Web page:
There are all types of ways to push back against a project you don’t like. As social media has matured in recent years, a lot of folks have become good at creating graphics that — when they go viral — can be a very effective way to establish a narrative. Look no further than someone like Tom Flood, who we had on our podcast a year ago and who’s now working on a book. Or there’s ex-Portlander Zach Katz whose @betterstreetsai Twitter account has blown up in recent weeks.
But as the saying goes, with great power comes great responsibility.
Bob Ortblad, a retired civil engineer and self-described “Historian of 200 years of infrastructure” who we’ve featured as a source for his expertise on the Interstate Bridge Replacement Program, is also good at turning engineering data into compelling visuals. One of the graphics he recently shared was a bit too compelling.
One of Ortblad’s main concerns with the IBR project is that it will be too high to easily bike and walk up to. To create a recent graphic, he took data from official, draft proposals of the bridge design, then combined with a Dutch bike ramp design manual to come up with a mockup he feels is an accurate representation of what we can expect to see on a new bridge. It’s a striking image that shows eight spirals required to reach the bridge deck level.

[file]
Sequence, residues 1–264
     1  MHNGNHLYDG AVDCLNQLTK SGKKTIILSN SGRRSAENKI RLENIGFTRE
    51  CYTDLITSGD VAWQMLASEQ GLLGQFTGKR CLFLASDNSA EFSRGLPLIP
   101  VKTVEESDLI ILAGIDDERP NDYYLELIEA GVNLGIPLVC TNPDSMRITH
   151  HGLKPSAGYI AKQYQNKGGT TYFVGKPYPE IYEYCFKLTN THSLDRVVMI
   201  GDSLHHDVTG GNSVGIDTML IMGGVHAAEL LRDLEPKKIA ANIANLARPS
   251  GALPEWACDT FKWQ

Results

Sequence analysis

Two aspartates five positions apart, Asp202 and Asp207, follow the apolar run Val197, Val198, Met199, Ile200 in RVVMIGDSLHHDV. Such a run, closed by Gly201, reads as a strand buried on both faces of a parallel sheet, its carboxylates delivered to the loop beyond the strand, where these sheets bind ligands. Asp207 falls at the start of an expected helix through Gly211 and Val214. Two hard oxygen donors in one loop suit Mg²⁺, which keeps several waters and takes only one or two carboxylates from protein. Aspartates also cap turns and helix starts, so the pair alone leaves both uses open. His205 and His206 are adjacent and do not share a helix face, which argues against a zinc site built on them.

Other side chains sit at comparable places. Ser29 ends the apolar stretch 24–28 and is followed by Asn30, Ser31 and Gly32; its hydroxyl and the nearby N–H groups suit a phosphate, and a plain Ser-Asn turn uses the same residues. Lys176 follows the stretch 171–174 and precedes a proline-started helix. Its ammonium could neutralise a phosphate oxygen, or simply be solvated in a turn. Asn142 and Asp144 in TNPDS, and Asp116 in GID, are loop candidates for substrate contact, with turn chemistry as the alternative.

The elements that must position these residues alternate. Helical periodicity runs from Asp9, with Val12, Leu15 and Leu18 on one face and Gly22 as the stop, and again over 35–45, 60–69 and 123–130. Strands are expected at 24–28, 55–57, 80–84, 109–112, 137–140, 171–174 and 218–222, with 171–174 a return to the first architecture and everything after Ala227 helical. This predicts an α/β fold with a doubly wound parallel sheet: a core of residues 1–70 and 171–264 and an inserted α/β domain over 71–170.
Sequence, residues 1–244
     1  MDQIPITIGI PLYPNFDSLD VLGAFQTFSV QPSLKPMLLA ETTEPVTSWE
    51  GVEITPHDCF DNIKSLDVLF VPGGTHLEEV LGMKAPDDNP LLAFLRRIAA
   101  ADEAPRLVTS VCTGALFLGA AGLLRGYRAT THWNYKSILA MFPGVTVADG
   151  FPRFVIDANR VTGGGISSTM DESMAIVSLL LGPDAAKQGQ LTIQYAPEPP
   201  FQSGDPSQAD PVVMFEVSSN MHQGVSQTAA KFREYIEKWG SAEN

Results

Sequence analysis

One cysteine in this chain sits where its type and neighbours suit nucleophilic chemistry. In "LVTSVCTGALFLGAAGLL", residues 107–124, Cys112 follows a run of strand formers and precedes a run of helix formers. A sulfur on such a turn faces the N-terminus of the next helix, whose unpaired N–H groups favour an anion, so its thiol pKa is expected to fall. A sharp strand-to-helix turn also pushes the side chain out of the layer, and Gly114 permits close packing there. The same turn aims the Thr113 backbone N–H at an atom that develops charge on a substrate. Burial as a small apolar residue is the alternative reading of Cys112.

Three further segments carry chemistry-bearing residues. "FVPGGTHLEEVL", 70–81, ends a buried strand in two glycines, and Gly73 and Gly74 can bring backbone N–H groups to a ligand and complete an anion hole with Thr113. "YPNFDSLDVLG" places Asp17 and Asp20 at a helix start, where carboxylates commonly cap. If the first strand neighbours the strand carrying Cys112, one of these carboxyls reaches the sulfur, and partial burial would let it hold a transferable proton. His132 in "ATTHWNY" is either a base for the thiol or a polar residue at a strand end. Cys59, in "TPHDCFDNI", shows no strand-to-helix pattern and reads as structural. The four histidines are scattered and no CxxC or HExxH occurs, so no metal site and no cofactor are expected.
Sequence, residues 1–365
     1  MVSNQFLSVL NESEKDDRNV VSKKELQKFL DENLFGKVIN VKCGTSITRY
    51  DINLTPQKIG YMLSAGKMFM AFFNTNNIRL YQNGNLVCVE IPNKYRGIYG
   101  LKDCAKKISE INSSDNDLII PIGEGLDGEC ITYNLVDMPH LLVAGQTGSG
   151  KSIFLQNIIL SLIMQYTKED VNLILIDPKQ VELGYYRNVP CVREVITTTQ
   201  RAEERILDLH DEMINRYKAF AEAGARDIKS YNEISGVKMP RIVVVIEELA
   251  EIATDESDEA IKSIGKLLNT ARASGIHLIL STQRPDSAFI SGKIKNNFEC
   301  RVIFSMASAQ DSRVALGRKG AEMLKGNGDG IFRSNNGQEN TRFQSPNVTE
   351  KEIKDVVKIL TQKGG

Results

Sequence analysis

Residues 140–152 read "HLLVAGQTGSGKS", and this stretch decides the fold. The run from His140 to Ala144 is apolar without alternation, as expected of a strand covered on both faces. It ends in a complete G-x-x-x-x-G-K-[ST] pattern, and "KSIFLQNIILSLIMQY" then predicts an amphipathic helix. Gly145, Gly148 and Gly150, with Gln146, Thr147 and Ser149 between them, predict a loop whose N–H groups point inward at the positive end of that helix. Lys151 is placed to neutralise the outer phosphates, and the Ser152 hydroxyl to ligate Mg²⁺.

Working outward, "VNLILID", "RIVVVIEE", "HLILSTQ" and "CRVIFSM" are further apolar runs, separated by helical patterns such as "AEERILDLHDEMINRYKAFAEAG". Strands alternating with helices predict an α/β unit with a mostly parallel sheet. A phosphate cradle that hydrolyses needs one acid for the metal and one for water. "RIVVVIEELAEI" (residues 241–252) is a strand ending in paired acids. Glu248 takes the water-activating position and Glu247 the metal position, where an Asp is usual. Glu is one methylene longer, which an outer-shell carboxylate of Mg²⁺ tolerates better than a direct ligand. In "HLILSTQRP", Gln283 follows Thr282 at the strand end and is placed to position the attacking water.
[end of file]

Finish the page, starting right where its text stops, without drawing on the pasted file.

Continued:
As you can see above, he then shared that graphic on Twitter with the official IBRP logo and font, and added no disclaimer to suggest it was a just a mock-up.
The striking image immediately caught the attention of several of Ortblad’s followers (above), some of whom expressed outrage based on their assumption that the graphic was real. Confusion ensued. The reactions also included some people (including me) urging Ortblad to rethink his approach to using such a misleading graphic.
Yesterday, the IBR account responded to his tweet to clarify that the graphic, “Was not created by IBR & uses our logo without authorization. Multiple ramp designs are under consideration to connect the multi-use path to the bridge. The pathways will be built for all users & will be greatly improved over what exists today.”
While I don’t like Ortblad’s misleading approach, he does seem to have made a point: If the IBRP would be more transparent with the ramp design, he wouldn’t have to speculate and there’d be no confusion (for their part, the IBRP would argue that they simply aren’t able to provide more detail at this stage of the process because the Locally Preferred Alternative was only endorsed in late July).
Advocacy can work in mysterious ways. And given that absurdly spiraling bike ramps are actually a tool DOTs have used in the past, maybe Ortblad’s misleading graphic will help us avoid the fate it depicts.